JPMorgan Chase & Co. is giving its wealthiest clients the chance to invest in the single-family rental market after other investments linked to the U.S. housing recovery jumped in value.
The firm’s unit that caters to individuals and families with more than $5 million, put client money in a partnership that bought more than 5,000 single family homes to rent in Florida, Arizona, Nevada and California, said David Lyon, a managing director and investment specialist at JPMorgan Private Bank. Investors can expect returns of as much as 8% annually from rental income as well as part of the profits when the homes are sold, he said.
The bank’s wealthy clients are joining a growing number of private-equity firms and individuals buying rental homes in the regions hardest hit by the U.S. housing crash. Blackstone Group LP has spent $2.7 billion, and said last month it accelerated purchases as home prices rise faster than anticipated. Even after home values in November gained by the most in six years, investors are wagering on rental properties as an alternative to housing-related stocks and mortgage debt that’s already soared.
“The traditional places people might look—homebuilder stocks and appliance makers—probably aren’t the best places for new investments,” said John Buckingham, chief investment officer at Al Frank Asset Management in Aliso Viejo, Calif., which oversees about $4.5 billion. “They’ve had fantastic runs.”
PulteGroup Inc., the largest homebuilder by market value, was the biggest gainer on the Standard & Poor’s 500 Index last year, rising 188%, helping an index of 11 builders more than double since the end of 2011, and raising concern among analysts including Michael Widner of Stifel Nicolaus & Co. that growth is already priced in.
Whirlpool Corp., a home-appliance maker, was the third-best performing stock in the S&P 500 Index last year, rising 114%, and subprime-mortgage bonds gained more than 40%.
The investments rallied as the housing recovery strengthened through 2012 with the Federal Reserve pushing mortgage rates to record lows, and as institutional investors increased their purchases of foreclosed homes. Home prices in 20 U.S. cities rose 5.5% in November from a year earlier, the most in more than six years, an S&P/Case-Shiller index of property values showed last month.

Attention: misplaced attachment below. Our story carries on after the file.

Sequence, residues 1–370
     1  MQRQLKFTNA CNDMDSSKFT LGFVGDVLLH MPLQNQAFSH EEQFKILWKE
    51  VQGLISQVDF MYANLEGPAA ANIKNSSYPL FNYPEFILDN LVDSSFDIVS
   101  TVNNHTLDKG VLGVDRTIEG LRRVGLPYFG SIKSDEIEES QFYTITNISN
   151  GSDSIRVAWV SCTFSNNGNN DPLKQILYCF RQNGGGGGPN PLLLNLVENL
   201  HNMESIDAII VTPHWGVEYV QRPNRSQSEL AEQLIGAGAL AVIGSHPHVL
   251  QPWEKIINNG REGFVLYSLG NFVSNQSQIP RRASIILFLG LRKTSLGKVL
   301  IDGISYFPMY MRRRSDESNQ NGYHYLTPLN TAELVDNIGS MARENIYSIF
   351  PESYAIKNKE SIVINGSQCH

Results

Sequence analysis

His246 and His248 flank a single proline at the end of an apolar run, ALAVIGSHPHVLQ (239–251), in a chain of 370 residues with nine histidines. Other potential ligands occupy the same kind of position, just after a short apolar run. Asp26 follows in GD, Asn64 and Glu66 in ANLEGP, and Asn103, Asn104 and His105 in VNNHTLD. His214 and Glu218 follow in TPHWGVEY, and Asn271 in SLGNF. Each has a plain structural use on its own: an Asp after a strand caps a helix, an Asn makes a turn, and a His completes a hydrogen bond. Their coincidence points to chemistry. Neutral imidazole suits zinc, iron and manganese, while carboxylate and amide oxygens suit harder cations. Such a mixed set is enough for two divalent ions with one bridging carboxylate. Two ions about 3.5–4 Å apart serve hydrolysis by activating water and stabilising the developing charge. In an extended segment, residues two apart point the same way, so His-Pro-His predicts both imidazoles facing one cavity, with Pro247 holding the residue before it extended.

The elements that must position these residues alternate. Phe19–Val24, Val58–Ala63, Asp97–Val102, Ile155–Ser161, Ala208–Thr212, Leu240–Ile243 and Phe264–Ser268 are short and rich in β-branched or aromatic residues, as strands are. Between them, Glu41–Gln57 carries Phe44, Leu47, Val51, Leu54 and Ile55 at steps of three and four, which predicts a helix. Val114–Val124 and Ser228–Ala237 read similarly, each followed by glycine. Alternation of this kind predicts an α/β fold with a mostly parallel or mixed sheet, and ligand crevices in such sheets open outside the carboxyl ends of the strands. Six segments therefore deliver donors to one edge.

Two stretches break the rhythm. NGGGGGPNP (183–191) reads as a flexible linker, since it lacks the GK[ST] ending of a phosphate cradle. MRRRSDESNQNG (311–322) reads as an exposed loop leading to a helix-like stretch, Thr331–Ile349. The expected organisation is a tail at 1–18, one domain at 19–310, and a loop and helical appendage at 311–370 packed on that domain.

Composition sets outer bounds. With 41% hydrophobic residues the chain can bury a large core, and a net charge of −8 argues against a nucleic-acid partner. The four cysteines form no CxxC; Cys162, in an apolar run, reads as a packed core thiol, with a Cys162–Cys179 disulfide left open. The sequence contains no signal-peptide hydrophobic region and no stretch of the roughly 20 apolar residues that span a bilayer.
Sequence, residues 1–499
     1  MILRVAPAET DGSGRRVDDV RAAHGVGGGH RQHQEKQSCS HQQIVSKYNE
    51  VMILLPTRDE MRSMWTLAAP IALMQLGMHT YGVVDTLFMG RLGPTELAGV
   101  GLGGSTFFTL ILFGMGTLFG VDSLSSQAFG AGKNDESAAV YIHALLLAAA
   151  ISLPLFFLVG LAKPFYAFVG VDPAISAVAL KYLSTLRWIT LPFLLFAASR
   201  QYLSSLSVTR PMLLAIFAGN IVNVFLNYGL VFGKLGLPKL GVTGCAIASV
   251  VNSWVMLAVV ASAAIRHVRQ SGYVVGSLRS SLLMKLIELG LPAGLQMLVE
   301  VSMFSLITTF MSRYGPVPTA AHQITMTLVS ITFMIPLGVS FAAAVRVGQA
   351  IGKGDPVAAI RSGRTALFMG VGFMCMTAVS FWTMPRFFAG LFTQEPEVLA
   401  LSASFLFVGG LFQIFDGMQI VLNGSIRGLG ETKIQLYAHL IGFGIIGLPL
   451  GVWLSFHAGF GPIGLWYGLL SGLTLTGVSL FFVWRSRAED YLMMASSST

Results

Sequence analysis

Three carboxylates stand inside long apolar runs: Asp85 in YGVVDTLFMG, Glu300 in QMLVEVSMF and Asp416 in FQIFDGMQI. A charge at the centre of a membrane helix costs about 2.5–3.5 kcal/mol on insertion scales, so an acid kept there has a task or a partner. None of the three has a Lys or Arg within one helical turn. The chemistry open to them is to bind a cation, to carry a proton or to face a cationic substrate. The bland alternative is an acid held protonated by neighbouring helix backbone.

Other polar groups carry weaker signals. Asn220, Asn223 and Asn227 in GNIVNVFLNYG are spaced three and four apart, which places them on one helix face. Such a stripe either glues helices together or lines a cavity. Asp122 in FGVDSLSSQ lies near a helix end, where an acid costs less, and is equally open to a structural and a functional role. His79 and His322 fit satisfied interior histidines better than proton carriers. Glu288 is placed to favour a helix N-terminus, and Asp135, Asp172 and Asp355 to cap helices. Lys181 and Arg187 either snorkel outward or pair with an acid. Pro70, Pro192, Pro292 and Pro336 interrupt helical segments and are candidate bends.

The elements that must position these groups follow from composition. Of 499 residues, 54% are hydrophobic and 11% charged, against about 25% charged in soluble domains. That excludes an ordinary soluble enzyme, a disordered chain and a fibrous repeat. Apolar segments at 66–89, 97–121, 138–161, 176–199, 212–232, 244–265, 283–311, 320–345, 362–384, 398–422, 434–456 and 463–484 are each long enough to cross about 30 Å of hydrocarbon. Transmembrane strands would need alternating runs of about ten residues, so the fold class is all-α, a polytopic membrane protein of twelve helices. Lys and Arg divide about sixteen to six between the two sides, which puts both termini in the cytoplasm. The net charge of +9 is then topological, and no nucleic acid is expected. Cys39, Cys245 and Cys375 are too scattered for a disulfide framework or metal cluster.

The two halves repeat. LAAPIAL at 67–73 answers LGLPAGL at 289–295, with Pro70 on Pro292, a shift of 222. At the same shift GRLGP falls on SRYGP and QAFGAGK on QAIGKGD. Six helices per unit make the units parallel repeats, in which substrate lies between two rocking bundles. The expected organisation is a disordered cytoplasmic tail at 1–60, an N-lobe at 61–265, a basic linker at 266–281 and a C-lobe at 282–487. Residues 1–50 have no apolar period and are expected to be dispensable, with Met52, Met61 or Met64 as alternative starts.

New York-based JPMorgan, whose private bank oversees $877 billion, started pooling investments from its clients in mid-2012 into a partnership to purchase distressed properties, betting that prices will rise over the next several years and provide investors with income from renters along the way, said Lyon. The firm uses a third-party manager to find homes, buy and manage them, he said, declining to name the firm.
The goal is to sell the houses within three to four years in one of three ways: through an initial public offering of a real estate investment trust, a sale to an existing REIT or to an institutional buyer such as a pension fund, Lyon, who’s based in San Francisco, said. Clients will receive a share of any price appreciation depending on the size of their investment.
The strategy is similar to institutional buyers including Blackstone, the world’s largest buyout firm, Thomas Barrack’s Colony Capital LLC and Oaktree Capital Group LLC. They’re aiming to profit from low prices on distressed properties, often those in foreclosure and sold at auction—and the demand for rentals from people who don’t want to own a home or can’t qualify for a mortgage.
“It’s hard to find a private-equity firm on the planet that doesn’t have a strategy in this space,” Gary Beasley, chief executive officer at Waypoint Homes, said last week at the American Securitization Forum’s annual conference in Las Vegas. The Oakland, Calif.-based company has bought homes in California, Arizona, Illinois and Georgia.
Since the 2008 financial crisis, lenders have required higher credit scores and larger down payments to qualify for mortgages. Borrowers whose loans for purchases closed in 2012 had an average credit score of 740, according to data compiled by real estate data service CoreLogic Inc., up from 716 in 2006. That’s contributed to a decline in the U.S. home ownership rate to 65.4% at the end of 2012 from a peak of 69.2% in June 2004, the Commerce Department reported.
The number of renter-occupied residences increased an estimated 1.1 million last year while the number of owner-occupied households fell by 106,000, according to a Commerce Department report.
Buying single-family homes to rent in some locations has become more attractive to bond investors in the past year as mortgage-backed securities without the backing of the U.S. government have become more expensive, said Sandeep Bordia, head of residential and commercial credit strategy at Barclays Plc.
“If you look at some of the really beaten down areas—Miami, Orlando, Vegas, Tampa—we do think the return on that asset, if you just buy a home, collect the rent and do whatever you need to do on the cost side, you’re getting a return of somewhere between 6% and 8%,” Bordia said. Nonagency mortgage-backed securities are generally yielding 4% to 6%, he said.
The “sweet spot” in many areas would be homes prices between $100,000 and $150,000, Bordia and other analysts wrote in a Feb. 1 report. While smaller homes can provide the highest gross rental yields, there are fixed costs and the risk of higher tenant delinquencies, they wrote.
Even as the housing market probably will do well across the nation, areas where property prices already are high such as San Diego, Los Angeles, Denver and San Francisco, will see lower rental yields, of 4% to 5%, Bordia said.
Jumping into the single-family home market now carries the risk that it’s already getting crowded, and the bargains in the best locations are dwindling, said Craig Pastolove, a managing director at New York-based Morgan Stanley.